Accents aren't extremely common in Dutch — definitely not nearly as common as they are in French — but they're certainly more common than in English. There are a few special diacritics (marks above letters) that you'll come across when studying Dutch:
Incidentally, these are all diacritics that can be found in French as well. I've linked Wikipedia articles on each type of diacritic so you can learn more about them, but here's a little summary of what you should know:
The acute accent can change the sound of the vowel — like in the sentence this discussion is for — or it can be used to place stress on a vowel in writing since you can't convey stress like when you're talking. Here's an example the Wikipedia article gives:
Dit is ónze auto, niet die van jullie. = This is our car, not yours.
The accent above the o in onze conveys that that word should be stressed.
Unfortunately I don't know too much about how the accent grave works in Dutch. The only thing I can really say is that it seems to often be used in words taken from French.
The dieresis is a rather interesting diacritic. I see that you've studied a bit of German on here, so it's likely you're thinking, Hey, that looks like the umlauts German uses! That's because they do in fact look identical, but they actually have rather different functions.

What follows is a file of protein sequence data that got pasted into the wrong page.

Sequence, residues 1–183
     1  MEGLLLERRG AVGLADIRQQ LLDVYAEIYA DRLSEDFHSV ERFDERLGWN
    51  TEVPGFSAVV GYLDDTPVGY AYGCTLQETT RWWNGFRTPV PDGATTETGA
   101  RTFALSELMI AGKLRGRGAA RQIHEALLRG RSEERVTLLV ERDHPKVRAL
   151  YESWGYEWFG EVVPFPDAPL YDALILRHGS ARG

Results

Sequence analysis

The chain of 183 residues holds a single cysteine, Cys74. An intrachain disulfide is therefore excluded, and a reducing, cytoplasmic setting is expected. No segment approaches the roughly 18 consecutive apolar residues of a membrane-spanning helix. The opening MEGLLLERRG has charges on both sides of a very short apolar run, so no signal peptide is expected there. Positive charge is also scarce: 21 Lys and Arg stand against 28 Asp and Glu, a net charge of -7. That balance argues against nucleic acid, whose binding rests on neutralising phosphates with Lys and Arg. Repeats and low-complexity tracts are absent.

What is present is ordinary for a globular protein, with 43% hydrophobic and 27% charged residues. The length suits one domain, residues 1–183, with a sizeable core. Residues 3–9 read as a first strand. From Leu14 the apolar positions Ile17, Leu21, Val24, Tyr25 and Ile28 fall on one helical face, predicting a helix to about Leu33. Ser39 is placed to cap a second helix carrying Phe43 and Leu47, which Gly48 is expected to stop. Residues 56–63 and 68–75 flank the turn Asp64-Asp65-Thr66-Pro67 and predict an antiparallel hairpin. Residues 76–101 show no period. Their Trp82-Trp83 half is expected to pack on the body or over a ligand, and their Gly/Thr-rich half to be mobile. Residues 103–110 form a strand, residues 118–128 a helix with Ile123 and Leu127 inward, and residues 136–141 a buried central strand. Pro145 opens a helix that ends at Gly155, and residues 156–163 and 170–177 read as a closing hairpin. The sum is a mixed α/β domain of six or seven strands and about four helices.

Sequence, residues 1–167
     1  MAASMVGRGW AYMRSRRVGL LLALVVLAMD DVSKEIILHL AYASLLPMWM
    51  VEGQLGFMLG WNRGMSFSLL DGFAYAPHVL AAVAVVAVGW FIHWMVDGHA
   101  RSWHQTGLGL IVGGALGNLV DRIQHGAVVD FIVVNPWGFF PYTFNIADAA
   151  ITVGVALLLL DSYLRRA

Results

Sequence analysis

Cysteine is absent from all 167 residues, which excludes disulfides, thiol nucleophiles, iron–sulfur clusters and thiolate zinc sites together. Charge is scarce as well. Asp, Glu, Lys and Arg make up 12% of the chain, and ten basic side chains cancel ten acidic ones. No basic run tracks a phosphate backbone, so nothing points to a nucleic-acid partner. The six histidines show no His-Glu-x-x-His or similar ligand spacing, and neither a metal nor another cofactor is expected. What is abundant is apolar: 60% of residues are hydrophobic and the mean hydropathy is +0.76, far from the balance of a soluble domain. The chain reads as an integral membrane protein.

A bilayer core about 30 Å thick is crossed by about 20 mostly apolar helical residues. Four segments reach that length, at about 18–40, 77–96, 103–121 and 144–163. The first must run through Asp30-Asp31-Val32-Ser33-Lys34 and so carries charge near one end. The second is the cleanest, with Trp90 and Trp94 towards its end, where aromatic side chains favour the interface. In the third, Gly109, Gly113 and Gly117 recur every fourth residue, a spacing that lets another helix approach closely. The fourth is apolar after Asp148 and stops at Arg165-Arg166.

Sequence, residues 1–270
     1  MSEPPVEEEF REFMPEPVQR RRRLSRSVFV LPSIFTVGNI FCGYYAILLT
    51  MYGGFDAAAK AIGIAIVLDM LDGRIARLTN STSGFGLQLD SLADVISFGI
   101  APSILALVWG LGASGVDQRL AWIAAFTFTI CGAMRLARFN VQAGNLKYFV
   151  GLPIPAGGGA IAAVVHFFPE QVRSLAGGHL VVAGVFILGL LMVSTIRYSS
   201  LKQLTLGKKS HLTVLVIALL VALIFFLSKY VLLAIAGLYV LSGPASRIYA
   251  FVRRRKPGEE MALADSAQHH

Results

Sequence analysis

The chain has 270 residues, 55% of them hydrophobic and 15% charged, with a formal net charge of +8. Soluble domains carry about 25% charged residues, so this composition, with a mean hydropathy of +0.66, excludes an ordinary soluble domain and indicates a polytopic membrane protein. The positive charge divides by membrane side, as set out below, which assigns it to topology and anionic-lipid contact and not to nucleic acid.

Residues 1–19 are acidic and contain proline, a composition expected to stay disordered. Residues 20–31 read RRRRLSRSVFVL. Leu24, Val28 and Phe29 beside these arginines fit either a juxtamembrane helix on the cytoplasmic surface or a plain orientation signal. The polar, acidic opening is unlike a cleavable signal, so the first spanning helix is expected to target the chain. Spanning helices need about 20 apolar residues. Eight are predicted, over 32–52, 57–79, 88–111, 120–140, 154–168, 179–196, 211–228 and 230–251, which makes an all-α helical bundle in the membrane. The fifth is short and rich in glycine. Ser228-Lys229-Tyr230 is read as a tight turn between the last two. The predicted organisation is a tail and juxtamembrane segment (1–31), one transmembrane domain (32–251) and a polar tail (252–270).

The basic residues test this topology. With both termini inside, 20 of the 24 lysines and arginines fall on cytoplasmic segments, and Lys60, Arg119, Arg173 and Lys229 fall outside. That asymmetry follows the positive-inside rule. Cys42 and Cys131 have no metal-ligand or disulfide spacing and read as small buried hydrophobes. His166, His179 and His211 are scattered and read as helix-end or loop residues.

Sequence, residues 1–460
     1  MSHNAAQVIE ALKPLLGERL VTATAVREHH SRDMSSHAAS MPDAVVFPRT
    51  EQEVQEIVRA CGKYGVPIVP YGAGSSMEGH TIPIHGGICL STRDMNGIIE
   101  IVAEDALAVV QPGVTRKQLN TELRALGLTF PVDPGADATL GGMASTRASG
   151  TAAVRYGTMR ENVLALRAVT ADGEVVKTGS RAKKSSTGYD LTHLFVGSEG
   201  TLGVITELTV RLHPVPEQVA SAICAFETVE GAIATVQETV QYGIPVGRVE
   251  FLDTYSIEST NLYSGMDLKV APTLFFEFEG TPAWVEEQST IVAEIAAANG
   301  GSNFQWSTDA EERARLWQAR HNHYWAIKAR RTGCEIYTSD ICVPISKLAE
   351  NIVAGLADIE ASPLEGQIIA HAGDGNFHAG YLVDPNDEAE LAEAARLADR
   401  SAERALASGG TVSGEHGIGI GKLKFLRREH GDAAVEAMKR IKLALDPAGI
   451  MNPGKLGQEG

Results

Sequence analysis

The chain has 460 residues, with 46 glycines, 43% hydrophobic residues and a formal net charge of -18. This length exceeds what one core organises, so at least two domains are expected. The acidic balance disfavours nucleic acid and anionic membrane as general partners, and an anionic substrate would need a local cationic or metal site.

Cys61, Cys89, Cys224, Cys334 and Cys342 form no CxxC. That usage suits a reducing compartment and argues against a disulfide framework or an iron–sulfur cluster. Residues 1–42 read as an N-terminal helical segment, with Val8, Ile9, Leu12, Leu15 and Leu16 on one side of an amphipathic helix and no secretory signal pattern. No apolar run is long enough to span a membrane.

The umlaut changes the way a vowel sounds, whereas the dieresis is used to mark another syllable; in other words, it lets you know that two vowels aren't part of a vowel combination. We can look at an example of a word used in English that uses a dieresis: naïve. Normally when you see the vowels a and i together they combine to make a sound like the word eye, but the dieresis above the i indicates that the vowels should be separate, creating a different pronunciation. The same thing happens in the Dutch word for Ukrainian: Oekraïens. The dieresis above the i indicates that the vowels i and e should combine and not the a and i, making it sound like ooh-krah-EEns.
Sorry for turning a relatively simple answer into a long explanation, but hopefully you'll find this information useful and interesting. ^_^
Firstly, heel erg bedankt - thank you very much! Mighty well explained, although in my engineering studies I've come to mistrust Wiki completely. The coolest thing about Oekraïens is that Ukrainian language has a specific letter "ï", which is pronounced "yi" - like "one, 1" in Chinese only in a regular Western emotion-based tone. No other Slavic descendant's alphabet has such a letter in it, which makes me wonder, upon you mentioning Ukraine here, during a discussion on Dutch and French, whether those countries had a connection more distinct than Peter I learning Dutch culture and cultivating it in Russia. Mind you, this had been before Ekaterina II who split Russia in three: Red Russia or simply Russia, White Russia (Bela Rus'), and Small Russia (Mala Rus'). Small Russia was on the edge of Russian Empire, a tiny piece of land always suffering conquests from both Poland and Russia, and so was called Ukraïna, literally: "The country by the edge (u kraya)". With this said, how did ï really make it into Ukrainian alphabet?